About one-third of contact lens wearers occasionally sleep with their lenses.
It’s easy to fall asleep in your contact lenses; one minute you’re reading a book or watching TV, and the next you’re fast asleep.
In some cases, a person can wake up with their lenses on and just blink any discomfort away.
Sleeping with contact lenses make you up to 8 times more likely to experience a contact lens-related eye infection, such as damage to your cornea.
Contact an eye doctor near you to learn more about contact lens safety.
SEE RELATED: Contact Lenses: What Can Go Wrong?
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Does sleeping in contacts increase the risk of infection?
Yes. Corneas need oxygen to remain healthy, but they receive their oxygen directly from the air and do not receive oxygen from the lungs. The flow of oxygen and nutrients keeps the cornea clear, balanced, and functioning properly.
During the day, open eyes allow oxygen to reach the cornea directly through the tear film.
When a person sleeps with contact lenses overnight, the contact forms a barrier between the cornea and the tears, limiting the amount of oxygen delivered to the cornea at night. This is known as ‘corneal hypoxia’.
Even though a person’s eyes are closed when they sleep, different parts of the eye, such as the aqueous humor and tears, provide only limited oxygen and nutrients to the corneas.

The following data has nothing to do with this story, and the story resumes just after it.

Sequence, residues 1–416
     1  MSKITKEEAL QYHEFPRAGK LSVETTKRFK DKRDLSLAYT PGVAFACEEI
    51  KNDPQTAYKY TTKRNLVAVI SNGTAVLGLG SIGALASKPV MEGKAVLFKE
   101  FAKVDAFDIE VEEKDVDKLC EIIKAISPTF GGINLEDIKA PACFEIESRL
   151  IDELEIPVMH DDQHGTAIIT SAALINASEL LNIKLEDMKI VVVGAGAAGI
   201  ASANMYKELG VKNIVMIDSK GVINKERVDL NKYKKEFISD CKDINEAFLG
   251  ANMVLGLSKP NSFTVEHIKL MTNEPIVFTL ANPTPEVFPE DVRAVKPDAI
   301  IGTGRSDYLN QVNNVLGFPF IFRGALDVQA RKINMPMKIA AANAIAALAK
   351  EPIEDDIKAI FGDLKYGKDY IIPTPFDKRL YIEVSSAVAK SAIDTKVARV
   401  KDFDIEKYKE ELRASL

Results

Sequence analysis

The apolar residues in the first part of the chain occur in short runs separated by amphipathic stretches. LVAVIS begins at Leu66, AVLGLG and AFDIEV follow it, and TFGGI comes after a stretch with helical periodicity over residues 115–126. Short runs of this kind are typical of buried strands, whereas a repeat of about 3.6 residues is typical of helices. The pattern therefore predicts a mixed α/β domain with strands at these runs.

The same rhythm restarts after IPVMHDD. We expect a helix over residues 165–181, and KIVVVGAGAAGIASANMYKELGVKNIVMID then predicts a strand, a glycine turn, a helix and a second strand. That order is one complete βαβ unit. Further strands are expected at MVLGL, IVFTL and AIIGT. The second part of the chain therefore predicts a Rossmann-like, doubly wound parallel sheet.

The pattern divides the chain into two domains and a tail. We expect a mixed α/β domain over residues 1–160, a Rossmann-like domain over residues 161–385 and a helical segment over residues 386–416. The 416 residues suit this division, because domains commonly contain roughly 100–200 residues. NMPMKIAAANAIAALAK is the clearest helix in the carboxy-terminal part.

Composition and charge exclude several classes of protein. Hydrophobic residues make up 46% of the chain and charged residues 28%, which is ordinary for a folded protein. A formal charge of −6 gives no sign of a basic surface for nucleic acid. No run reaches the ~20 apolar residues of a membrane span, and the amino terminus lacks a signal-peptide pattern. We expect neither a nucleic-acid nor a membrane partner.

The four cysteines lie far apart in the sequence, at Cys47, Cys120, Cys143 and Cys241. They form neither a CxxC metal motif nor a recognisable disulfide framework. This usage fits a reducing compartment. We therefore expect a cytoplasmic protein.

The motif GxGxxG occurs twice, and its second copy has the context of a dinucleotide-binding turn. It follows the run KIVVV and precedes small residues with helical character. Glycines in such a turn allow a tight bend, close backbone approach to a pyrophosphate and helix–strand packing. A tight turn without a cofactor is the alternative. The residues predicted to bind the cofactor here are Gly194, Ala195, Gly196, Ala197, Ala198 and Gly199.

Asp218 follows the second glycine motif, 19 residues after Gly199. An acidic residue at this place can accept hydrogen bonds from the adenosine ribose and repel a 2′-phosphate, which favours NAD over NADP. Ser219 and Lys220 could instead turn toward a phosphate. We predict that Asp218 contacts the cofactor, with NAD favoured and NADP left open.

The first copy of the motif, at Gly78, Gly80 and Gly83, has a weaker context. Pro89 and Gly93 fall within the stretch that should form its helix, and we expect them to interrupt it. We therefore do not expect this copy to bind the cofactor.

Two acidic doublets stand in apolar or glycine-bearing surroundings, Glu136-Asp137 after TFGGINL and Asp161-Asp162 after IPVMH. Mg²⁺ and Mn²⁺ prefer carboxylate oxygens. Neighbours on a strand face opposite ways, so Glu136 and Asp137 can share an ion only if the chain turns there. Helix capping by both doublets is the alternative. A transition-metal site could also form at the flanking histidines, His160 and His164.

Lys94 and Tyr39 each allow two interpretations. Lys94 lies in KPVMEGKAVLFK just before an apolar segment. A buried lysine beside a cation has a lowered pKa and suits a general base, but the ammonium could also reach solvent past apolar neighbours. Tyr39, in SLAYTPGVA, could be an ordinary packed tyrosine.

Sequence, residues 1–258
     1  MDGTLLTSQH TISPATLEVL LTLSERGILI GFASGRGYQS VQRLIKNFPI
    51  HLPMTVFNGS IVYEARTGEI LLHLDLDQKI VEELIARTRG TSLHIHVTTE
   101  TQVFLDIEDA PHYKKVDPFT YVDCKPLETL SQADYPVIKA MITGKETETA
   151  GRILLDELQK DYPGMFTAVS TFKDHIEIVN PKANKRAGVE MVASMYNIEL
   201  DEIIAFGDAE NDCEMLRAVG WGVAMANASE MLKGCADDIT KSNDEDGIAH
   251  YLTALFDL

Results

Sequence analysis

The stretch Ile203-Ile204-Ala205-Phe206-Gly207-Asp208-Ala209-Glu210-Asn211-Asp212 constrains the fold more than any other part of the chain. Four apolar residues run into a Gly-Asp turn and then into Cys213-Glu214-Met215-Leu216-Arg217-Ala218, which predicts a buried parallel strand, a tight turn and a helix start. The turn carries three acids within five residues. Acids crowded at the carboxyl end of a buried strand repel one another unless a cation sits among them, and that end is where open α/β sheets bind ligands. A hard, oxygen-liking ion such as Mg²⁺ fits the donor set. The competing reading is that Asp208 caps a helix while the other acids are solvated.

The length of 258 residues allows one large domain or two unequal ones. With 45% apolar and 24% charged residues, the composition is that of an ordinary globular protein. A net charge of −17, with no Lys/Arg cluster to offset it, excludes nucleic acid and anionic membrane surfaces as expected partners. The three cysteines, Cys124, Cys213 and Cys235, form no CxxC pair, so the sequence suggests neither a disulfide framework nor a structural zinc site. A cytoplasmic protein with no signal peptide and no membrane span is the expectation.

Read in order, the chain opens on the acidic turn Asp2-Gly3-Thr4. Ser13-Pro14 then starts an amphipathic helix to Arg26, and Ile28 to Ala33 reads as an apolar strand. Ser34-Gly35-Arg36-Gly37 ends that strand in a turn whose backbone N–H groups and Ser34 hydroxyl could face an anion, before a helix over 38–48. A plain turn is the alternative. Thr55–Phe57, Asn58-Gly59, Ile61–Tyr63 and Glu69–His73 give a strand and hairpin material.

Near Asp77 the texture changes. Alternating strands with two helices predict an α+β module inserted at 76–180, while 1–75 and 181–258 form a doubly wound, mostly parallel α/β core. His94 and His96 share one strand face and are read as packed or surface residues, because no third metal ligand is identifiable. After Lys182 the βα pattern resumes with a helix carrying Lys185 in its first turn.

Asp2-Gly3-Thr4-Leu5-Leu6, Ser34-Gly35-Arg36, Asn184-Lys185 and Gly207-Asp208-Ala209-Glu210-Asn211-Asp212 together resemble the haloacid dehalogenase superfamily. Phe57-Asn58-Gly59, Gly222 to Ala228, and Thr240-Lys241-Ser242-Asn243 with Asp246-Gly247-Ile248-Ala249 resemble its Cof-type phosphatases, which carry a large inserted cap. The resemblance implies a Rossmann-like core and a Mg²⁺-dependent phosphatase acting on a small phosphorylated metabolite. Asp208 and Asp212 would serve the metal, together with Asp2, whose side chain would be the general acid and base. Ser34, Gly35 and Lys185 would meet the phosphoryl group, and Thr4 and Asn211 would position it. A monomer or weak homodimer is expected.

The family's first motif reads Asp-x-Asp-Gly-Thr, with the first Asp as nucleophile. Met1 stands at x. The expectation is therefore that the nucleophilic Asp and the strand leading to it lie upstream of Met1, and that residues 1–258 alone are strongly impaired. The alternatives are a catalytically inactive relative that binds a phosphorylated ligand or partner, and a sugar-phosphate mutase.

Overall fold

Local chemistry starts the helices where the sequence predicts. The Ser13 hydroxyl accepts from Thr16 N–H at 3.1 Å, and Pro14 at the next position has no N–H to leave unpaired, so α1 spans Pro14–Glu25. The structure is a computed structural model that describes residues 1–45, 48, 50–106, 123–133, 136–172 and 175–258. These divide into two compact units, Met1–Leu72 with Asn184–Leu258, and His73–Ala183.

A lack of oxygen may potentially cause these corneal problems;
- Keratitis: inflammation of the cornea
- Conjunctivitis: inflammation of the conjunctiva
- Corneal neovascularization: the influx of new blood vessels into the cornea
In serious but rare cases, dozing off in contact lenses — particularly repeatedly — can cause vision loss due to corneal scarring, necessitating the use of medicated eye drops or even surgery.
What to do if you sleep with your contacts?
As soon as you wake up, remove your contacts and don’t insert them again for at least one day, to give your corneas some air.
Be sure not to tug at the lens, as sleeping in contacts can make the lens harder to remove from your eye and it could tear.
Apply a few drops of artificial tears before removing the lenses as that will help loosen them from your eye.
If you find yourself sleeping in your contact lenses on a regular basis it could impact your eye health to the point that you may not be able to wear the lenses for many days or even weeks.
LEARN MORE: Optical and Contact Lenses
If you notice any symptoms like redness, eye discharge, very watery eyes or blurred vision after a night of wearing your lenses or at any other time, schedule an appointment with an eye doctor near you.
Contact Lenses: What Can Go Wrong? »